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Momentum problem with collision

  1. Feb 25, 2007 #1

    lzh

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    1. The problem statement, all variables and given/known data
    Assume an elastic collision (ignoring friction
    and rotational motion).
    A queue ball initially moving at 3.7 m/s
    strikes a stationary eight ball of the same size
    and mass. After the collision, the queue ball's
    final speed is 2.1 m/s at an angle of theta with
    respect to its original line of motion.

    [​IMG]
    Find the eight ball's speed after the colli-
    sion. Answer in units of m=s.
    2. Relevant equations
    p=mv
    possibly energy equations


    3. The attempt at a solution
    This problem would've been alot easier if the problem provided theta's value. Without theta i only managed to get to this:
    3.7=2.1cos(theta)+Vx
    where Vx is the x component of the 8 ball after collision
    0=2.1sin(theta)+Vy
    where Vy is the y component of the 8 ball after collision
    should i find theta first? or can I find one of the component's value first and then find theta?
     
  2. jcsd
  3. Feb 25, 2007 #2

    radou

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    Homework Helper

    First of all, you missed a sign.
     
  4. Feb 25, 2007 #3

    lzh

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    that doesnt matter does it?
    just because Vy is negative you dont need to do this:
    0=2.1sin(theta)-Vy
    since that would end up having Vy's value as positive
     
  5. Feb 25, 2007 #4
    Vy is positive, and that is why you have to put the negative sign in front.

    Although you haven't explicitly written it down, it's the components of the velocity vectors that you are equating.

    So, you're second equation is something like
    0j=2.1sin(theta)j-Vyj
     
  6. Feb 25, 2007 #5

    lzh

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    j is the mass of the ball?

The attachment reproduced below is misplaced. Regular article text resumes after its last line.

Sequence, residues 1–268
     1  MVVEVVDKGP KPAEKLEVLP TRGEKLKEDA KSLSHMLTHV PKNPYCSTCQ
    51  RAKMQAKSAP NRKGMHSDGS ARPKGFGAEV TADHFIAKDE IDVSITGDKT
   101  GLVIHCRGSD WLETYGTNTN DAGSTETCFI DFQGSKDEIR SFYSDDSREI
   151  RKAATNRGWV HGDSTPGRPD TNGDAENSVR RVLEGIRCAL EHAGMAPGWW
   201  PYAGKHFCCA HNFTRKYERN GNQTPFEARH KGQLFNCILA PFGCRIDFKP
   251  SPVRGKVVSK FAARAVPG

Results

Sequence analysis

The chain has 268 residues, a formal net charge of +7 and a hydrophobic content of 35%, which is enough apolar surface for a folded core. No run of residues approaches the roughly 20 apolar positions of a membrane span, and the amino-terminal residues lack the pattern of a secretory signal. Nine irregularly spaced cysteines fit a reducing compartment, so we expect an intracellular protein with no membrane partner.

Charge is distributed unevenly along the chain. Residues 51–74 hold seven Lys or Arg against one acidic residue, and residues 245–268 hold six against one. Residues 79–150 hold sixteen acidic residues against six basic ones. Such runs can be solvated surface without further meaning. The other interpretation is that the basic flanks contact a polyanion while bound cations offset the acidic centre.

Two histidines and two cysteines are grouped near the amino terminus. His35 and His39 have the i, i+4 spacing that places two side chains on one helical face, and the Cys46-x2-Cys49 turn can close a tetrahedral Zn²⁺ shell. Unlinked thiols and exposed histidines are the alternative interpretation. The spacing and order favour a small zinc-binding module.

if so I left them out because they cancel
     
  7. Feb 25, 2007 #6
    By j, I meant a unit-vector in the direction parallel to the y-axis.

    0j=2.1sin(theta)j-Vyj
    => 0j=(2.1sin(theta)-Vy)j

    Since the vectors are equal, so are their magnitudes, and that's how you get
    0=2.1sin(theta)-Vy
     
  8. Feb 25, 2007 #7

    lzh

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    oh, but I dont really see how that helps me in the problem
     
  9. Feb 25, 2007 #8
    hey guys may b u shud consider forming equs fom the line of collision.....tats how they did in our class....im not v comfertable wit it either, but ill get ma note book if u want
     
  10. Feb 25, 2007 #9

    lzh

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    you mean breaking it into components? and having equation for x direction and y direction?
     
  11. Feb 25, 2007 #10
    well, in a similar prob, v got the first equs by e=v(seperation)/v(approach)...the other relations were used on the basis of LOC
     
  12. Feb 25, 2007 #11
    yea ...sumthing like tat...shud i get ma notebook?
     
  13. Feb 25, 2007 #12

    lzh

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    this problem supposedly should use momentum formulae. And i dont think I've ever seen your way of doing it? I sorta dont get it... what exactly does e stand for here and what is LOC.
    yeah plz get your notebook
     
  14. Feb 25, 2007 #13
    e=co-eff of restitution, n LOC is line of collision, , it says here newtons law of collision can only b applied along the loc
     
  15. Feb 25, 2007 #14
    ummm...u shud know tat im living in bombay, so even if the laws of physics dont change, the methods of attacking a ques do change ....n im currently trainig for iit entrance exam...so, idk wht level u r at
     
  16. Feb 25, 2007 #15

    lzh

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    ah now i sort of get it, though they never taught about coefficient of restitution in school yet. So basically once i find the coeff of restitution all i need to do is subtract it by 2.1 m/s.
     
  17. Feb 25, 2007 #16
    now, for any spherrical bodies, loc is the line joining the centres of the two coliding bodies......u take the components of the resulting velocities along the loc, get the equs n solve......now i can giv u the solution inna while, but my personal advise wud b ,dont listen to me atall if the concept of loc is entirely new to u.....but frankly, i dont c how the prob can b tackled otherwise
     
  18. Feb 25, 2007 #17
    not quite, u on msn?
     
  19. Feb 25, 2007 #18

    lzh

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    but there are 2 unknowns for this case, the velocity of 8 ball after collision and the coeff of restitution
     
  20. Feb 25, 2007 #19
    dear, u just said tat its a elastic collision, n to avoid friction n all, u ment a perfectly elastic collision, in this case, e=1, always
     
  21. Feb 25, 2007 #20
    whcih brings us to the eqn u already hav, u1= v1cos(theta)- v2....the udder eqs, i recommend u get aquainted wit the concept of loc
     
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